Look around a room for one esteemed artist, and you won’t find someone asking for attention and praise. Instead, you might find him trying to blend in with the audience, even though all eyes will reach him eventually. He might be talking with a colleague about future projects and pretending like the mass of people around aren’t there solely for him while showing humble pride in his work with a soft smile.
He moves through the years upright and with grace, just like the barns he meticulously paints with watercolor, as he has done for the last 43 years. And George Dombek isn’t stopping anytime soon.
The local artist and UA alum debuted his most recent exhibition “George Dombek: Barns and Portraits” on Jan. 17. At the exhibit reception, which took place Jan. 20, UA students, faculty members and local architecture representatives celebrated his established work at the Fred and Mary Smith Exhibition Gallery in Vol Walker Hall on the University of Arkansas campus Jan. 20.
The reception began with an introduction by Associate Dean Ethel Goodstein, followed by remarks from Mike Bieker, the director of the University of Arkansas Press, which published Dombek’s collection “Barns and Portrait Paintings.” As the description reads, Dombek uses watercolor paints to “to build up shadows and textures over geometric compositions in a style he calls ‘Constructed Realism.’ To his technical virtuosity he adds humor, pathos, dignity, and reverence as well, creating no less than a visual eulogy to these buildings and their rusting contents.”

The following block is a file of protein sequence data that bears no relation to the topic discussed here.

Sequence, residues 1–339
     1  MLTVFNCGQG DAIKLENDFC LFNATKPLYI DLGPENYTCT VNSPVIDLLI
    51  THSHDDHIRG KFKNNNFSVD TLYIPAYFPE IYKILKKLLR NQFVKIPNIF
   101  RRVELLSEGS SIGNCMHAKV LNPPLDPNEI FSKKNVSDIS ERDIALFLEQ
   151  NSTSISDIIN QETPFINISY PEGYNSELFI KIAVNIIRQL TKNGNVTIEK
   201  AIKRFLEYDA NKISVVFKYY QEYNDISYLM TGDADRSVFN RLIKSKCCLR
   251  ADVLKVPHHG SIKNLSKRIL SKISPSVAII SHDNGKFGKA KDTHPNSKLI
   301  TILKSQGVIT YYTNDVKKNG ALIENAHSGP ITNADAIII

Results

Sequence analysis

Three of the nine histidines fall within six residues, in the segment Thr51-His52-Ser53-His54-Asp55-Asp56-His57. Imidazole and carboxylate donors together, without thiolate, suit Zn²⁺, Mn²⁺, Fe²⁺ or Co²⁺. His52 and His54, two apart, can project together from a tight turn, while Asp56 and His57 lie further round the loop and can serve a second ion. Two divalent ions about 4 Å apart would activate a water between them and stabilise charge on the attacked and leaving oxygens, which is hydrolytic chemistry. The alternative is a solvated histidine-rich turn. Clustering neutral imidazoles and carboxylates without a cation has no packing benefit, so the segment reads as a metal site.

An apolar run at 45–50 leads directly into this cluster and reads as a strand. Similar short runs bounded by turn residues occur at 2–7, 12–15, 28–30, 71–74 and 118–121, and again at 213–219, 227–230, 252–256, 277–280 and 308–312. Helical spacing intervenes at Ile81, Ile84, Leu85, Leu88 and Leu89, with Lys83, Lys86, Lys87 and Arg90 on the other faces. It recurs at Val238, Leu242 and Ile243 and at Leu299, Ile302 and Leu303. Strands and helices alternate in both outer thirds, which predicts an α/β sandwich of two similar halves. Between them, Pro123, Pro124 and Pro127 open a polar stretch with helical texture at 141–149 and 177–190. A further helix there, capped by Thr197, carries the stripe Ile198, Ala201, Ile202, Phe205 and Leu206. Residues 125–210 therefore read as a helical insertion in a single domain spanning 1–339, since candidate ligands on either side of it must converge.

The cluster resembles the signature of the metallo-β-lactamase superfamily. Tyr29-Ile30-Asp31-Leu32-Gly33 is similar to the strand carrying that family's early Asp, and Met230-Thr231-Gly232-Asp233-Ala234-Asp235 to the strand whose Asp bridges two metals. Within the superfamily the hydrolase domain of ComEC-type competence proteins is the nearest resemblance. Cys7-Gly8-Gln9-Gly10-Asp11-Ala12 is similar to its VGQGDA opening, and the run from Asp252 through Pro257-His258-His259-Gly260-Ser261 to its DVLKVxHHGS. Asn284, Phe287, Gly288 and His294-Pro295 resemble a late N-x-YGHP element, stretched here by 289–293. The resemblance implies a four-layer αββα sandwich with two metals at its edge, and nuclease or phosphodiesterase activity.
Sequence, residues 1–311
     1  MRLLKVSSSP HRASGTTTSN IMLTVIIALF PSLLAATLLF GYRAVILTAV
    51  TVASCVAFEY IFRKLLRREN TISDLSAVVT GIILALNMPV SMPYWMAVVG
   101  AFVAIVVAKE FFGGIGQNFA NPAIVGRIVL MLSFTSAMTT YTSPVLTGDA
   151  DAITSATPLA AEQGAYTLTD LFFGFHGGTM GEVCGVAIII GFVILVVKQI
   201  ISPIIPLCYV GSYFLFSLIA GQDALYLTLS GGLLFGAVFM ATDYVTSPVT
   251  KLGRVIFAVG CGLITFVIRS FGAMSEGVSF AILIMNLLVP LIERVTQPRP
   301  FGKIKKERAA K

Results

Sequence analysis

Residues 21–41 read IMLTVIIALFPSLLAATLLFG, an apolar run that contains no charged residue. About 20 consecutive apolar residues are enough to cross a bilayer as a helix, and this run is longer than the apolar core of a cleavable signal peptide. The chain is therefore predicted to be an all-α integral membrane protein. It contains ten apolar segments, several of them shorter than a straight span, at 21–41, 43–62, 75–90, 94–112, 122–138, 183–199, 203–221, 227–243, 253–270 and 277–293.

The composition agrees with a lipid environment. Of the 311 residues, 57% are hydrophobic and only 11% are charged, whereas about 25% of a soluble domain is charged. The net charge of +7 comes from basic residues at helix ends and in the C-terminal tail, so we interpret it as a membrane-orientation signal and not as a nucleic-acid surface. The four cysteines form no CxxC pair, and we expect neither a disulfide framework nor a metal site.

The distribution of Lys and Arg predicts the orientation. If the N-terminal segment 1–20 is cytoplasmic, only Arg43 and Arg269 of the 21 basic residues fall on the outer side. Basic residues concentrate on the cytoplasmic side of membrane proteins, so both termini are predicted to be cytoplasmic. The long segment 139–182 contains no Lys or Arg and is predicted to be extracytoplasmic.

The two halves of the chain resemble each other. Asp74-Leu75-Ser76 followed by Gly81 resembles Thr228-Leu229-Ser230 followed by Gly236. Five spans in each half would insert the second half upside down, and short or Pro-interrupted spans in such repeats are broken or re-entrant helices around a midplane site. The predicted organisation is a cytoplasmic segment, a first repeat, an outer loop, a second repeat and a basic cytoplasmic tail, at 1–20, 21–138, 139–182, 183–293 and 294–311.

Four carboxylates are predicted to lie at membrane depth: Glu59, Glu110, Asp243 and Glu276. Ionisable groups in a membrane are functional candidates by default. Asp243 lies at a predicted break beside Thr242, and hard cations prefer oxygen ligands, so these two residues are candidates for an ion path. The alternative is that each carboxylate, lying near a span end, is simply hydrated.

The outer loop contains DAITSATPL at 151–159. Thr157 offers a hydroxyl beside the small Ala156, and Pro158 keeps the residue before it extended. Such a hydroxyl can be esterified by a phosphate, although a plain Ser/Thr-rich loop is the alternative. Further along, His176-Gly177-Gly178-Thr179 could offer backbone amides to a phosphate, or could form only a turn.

Although some students were not as familiar with Dombek’s work, they attended the reception because of recommendations from their professors in the Fay Jones School.
“We’ve been encouraged to get out and always be open to different ideas that come up, just kind like expand our horizons and understand… what architecture entails and how it can be implied to this,” Matthew Scott, a first-year architecture student said.
Third-year interior design student Amanda Collen is a university tour guide as one of four Fay Jones School student ambassadors. As a tour guide, she not only presents an expertise about the university to her groups, but she can also explain to any potential students which paths they can take within the architecture and design school. And knowing which exhibitions are on display, like Dombek’s helps, too, so she can give more detail as to what goes on within Vol Walker’s walls.
Dombek is “an esteemed alumnus, and a great friend to the School,” Fay Jones School Dean Peter MacKeith said in an email. “We’re very proud to be able to do this for George and for the community.”
Dombek received his Bachelor of Architecture and Master of Fine Arts in painting from the University of Arkansas. It was during his fourth year in the architecture school, in an elective he thought would just pass time, that he chose his lifelong interest and focus on barns.
“I took that course because it’s one of three electives in the school at the time, and I thought it was just something in passing, but it became something really important to me,” Dombek said. “So I’d just like to say that you never know what path you’re gonna go down, and I was fortunate enough to have some excellent teachers here,” which included the school’s namesake Fay Jones, Dombek said.
He went on to teach art and architecture at universities in Ohio, Florida, Arkansas, and overseas in Saudi Arabia and Italy. During his teaching and throughout his career, his catalog of work has been exhibited in over 600 collections and in more than 100 exhibitions at museums around the country.
“Barns and Portrait Paintings” is available for purchase at the University of Arkansas Press website for $65. The exhibition at Vol Walker Hall is open to the public from 8 a.m. to 5 p.m. Mondays through Fridays until March 17, and admission is free.